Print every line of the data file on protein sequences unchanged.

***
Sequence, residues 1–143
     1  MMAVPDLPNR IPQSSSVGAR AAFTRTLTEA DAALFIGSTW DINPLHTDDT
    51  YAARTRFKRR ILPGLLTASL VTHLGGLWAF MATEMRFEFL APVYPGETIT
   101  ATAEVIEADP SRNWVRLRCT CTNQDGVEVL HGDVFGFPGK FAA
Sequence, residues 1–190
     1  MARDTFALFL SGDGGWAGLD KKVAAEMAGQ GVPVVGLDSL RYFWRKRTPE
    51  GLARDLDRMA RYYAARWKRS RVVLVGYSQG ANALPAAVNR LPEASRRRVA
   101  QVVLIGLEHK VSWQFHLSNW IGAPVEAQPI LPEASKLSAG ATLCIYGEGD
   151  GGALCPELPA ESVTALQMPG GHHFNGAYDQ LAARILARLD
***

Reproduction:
Sequence, residues 1–143
     1  MMAVPDLPNR IPQSSSVGAR AAFTRTLTEA DAALFIGSTW DINPLHTDDT
    51  YAARTRFKRR ILPGLLTASL VTHLGGLWAF MATEMRFEFL APVYPGETIT
   101  ATAEVIEADP SRNWVRLRCT CTNQDGVEVL HGDVFGFPGK FAA
Sequence, residues 1–190
     1  MARDTFALFL SGDGGWAGLD KKVAAEMAGQ GVPVVGLDSL RYFWRKRTPE
    51  GLARDLDRMA RYYAARWKRS RVVLVGYSQG ANALPAAVNR LPEASRRRVA
   101  QVVLIGLEHK VSWQFHLSNW IGAPVEAQPI LPEASKLSAG ATLCIYGEGD
   151  GGALCPELPA ESVTALQMPG GHHFNGAYDQ LAARILARLD